Two new wax figures – one of me as president at the time of the centennial and one of our first international president – were purchased for a total of $45,000 by the Centennial Boule Hostess Chapters to complement the wax figure of our founder created in 1996.

    Further allegations about personal use of AKA funds are false and unsupported by the organization’s audited books. All expenses were consistent with furthering AKA’s mission.

    As part of the professionalization of the organization and in accordance with AKA’s Constitution and Bylaws, the Board of Directors authorized a stipend for the president. The Board is the elected governing body of the organization.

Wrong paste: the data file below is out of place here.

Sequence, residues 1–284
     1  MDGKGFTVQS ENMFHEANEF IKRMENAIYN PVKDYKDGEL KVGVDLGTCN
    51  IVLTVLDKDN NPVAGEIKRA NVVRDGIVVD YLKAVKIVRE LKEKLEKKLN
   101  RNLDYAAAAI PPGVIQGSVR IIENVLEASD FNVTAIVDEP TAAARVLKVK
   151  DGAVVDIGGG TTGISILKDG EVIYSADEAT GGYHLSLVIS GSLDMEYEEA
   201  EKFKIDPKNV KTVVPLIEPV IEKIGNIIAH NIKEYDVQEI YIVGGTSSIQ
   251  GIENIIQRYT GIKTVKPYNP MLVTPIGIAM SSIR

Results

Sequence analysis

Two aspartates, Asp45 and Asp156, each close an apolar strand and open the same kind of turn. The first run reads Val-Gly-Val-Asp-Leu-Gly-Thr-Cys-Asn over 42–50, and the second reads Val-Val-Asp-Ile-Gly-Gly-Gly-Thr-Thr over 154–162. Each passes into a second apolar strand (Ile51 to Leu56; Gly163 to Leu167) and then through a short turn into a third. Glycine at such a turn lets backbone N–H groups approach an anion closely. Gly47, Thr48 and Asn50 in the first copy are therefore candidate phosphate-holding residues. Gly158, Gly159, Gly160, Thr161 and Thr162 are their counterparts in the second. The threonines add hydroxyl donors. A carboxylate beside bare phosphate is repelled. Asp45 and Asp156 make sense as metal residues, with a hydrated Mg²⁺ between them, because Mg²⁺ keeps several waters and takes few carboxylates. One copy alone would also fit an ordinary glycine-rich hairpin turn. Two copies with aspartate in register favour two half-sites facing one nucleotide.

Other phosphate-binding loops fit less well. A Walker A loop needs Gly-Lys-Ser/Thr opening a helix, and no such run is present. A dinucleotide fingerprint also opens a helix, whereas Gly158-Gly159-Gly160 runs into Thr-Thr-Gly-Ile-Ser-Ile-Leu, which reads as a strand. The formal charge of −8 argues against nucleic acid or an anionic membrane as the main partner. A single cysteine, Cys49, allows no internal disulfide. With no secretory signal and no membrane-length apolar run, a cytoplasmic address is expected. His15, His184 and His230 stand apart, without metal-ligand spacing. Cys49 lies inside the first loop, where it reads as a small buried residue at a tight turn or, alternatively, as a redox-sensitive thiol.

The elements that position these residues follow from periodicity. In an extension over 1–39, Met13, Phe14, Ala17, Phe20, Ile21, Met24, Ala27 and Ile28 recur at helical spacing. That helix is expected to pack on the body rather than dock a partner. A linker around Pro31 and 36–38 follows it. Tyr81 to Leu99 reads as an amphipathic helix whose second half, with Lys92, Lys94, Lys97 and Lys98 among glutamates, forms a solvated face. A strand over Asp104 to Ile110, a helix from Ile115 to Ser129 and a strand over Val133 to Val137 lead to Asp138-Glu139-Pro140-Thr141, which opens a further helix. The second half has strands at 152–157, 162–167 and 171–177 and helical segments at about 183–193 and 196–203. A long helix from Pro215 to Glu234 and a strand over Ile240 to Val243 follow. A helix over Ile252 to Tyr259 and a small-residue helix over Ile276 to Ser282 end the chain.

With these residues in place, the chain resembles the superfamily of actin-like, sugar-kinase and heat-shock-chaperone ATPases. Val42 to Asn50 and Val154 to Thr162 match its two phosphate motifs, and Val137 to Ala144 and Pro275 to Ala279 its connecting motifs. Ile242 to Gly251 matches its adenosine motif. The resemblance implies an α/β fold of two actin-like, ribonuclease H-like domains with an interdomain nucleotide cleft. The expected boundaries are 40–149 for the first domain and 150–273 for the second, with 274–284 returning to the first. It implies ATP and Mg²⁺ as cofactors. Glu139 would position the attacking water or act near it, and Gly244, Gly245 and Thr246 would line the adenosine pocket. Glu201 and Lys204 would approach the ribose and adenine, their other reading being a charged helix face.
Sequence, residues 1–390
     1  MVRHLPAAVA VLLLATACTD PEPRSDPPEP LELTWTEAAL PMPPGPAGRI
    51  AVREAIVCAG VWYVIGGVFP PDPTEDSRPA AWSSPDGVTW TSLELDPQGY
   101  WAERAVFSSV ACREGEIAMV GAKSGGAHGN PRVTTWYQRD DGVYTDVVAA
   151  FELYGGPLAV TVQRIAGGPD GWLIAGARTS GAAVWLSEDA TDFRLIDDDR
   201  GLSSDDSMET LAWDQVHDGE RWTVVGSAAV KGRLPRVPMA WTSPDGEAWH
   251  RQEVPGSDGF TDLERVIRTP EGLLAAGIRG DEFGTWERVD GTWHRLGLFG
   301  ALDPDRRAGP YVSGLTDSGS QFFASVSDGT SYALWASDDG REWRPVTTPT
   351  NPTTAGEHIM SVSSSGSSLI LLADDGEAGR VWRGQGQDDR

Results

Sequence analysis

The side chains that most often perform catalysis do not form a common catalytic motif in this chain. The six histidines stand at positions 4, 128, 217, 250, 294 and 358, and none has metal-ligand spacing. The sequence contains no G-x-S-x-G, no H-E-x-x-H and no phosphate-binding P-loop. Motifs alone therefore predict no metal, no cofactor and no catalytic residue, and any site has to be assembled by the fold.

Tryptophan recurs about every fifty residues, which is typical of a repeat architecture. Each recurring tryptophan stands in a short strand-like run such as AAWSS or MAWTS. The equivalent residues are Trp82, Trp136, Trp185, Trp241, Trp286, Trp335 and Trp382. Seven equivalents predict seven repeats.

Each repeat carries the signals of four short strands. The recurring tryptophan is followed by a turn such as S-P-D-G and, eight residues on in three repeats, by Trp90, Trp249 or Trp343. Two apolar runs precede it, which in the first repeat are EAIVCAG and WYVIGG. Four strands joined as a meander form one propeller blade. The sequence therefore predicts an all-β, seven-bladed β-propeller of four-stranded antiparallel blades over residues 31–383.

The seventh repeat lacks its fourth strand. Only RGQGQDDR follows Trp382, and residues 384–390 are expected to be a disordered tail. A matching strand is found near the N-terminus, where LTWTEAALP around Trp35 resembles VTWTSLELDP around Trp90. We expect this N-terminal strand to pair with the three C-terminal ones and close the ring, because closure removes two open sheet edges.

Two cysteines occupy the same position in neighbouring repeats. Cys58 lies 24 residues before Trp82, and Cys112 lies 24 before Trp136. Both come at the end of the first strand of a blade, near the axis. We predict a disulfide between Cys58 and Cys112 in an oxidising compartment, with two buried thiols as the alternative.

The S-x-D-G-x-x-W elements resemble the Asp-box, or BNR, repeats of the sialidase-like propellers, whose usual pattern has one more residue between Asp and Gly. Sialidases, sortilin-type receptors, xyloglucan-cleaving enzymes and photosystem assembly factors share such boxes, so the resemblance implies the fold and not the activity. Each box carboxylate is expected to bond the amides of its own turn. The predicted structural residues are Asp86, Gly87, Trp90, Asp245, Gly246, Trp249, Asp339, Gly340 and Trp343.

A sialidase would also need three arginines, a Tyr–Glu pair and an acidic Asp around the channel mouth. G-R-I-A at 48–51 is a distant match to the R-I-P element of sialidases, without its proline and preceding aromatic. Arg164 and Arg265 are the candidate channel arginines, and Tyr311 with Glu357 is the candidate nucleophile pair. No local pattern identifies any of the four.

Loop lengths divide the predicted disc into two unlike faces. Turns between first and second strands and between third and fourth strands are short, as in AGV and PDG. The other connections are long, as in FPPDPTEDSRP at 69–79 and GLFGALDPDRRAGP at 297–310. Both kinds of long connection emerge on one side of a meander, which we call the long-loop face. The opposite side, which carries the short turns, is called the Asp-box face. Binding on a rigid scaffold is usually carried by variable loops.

AKA regrets that it has been put in the position where comments are expected about ongoing litigation. The Sorority understands the litigation process and will not try to subvert or circumvent it. Nevertheless, AKA and its leadership are proud of its successes and look forward to advising its membership and the public of its continuing successes.

    We are committed to continuing this course of maintaining the financial integrity of our proud organization to serve the best interest of our members and advance our mission.

  2. A gross misuse of the sorority funds… this woman is a crook and a egotistical LIAR.

  3. Did the Voice bother to do any real reporting on this? Did they attempt to contact Ms. McKinzie, or the plaintiffs, to verify the facts, since the facts are obviously in dispute? Or did they just hastily throw up something they found on another website without independently verifying it in an attempt to stir up controversy? What a disgrace to real journalism!